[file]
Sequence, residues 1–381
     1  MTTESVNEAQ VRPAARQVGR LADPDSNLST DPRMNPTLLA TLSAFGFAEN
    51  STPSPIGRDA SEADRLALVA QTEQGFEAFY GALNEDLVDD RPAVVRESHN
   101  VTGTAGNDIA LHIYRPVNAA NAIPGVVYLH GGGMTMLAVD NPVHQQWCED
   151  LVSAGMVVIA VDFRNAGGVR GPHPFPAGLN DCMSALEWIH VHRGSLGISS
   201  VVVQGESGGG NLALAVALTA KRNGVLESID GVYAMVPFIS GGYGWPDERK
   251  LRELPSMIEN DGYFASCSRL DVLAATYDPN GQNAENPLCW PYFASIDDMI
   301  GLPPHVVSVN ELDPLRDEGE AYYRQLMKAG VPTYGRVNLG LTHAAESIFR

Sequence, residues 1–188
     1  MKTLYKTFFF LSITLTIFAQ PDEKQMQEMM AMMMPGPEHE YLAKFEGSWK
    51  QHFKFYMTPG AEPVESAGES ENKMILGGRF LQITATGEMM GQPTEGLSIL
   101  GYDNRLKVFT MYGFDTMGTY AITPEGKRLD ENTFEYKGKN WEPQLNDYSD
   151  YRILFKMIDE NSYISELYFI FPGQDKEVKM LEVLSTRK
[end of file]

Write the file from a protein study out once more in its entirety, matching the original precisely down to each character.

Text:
Sequence, residues 1–381
     1  MTTESVNEAQ VRPAARQVGR LADPDSNLST DPRMNPTLLA TLSAFGFAEN
    51  STPSPIGRDA SEADRLALVA QTEQGFEAFY GALNEDLVDD RPAVVRESHN
   101  VTGTAGNDIA LHIYRPVNAA NAIPGVVYLH GGGMTMLAVD NPVHQQWCED
   151  LVSAGMVVIA VDFRNAGGVR GPHPFPAGLN DCMSALEWIH VHRGSLGISS
   201  VVVQGESGGG NLALAVALTA KRNGVLESID GVYAMVPFIS GGYGWPDERK
   251  LRELPSMIEN DGYFASCSRL DVLAATYDPN GQNAENPLCW PYFASIDDMI
   301  GLPPHVVSVN ELDPLRDEGE AYYRQLMKAG VPTYGRVNLG LTHAAESIFR

Sequence, residues 1–188
     1  MKTLYKTFFF LSITLTIFAQ PDEKQMQEMM AMMMPGPEHE YLAKFEGSWK
    51  QHFKFYMTPG AEPVESAGES ENKMILGGRF LQITATGEMM GQPTEGLSIL
   101  GYDNRLKVFT MYGFDTMGTY AITPEGKRLD ENTFEYKGKN WEPQLNDYSD
   151  YRILFKMIDE NSYISELYFI FPGQDKEVKM LEVLSTRK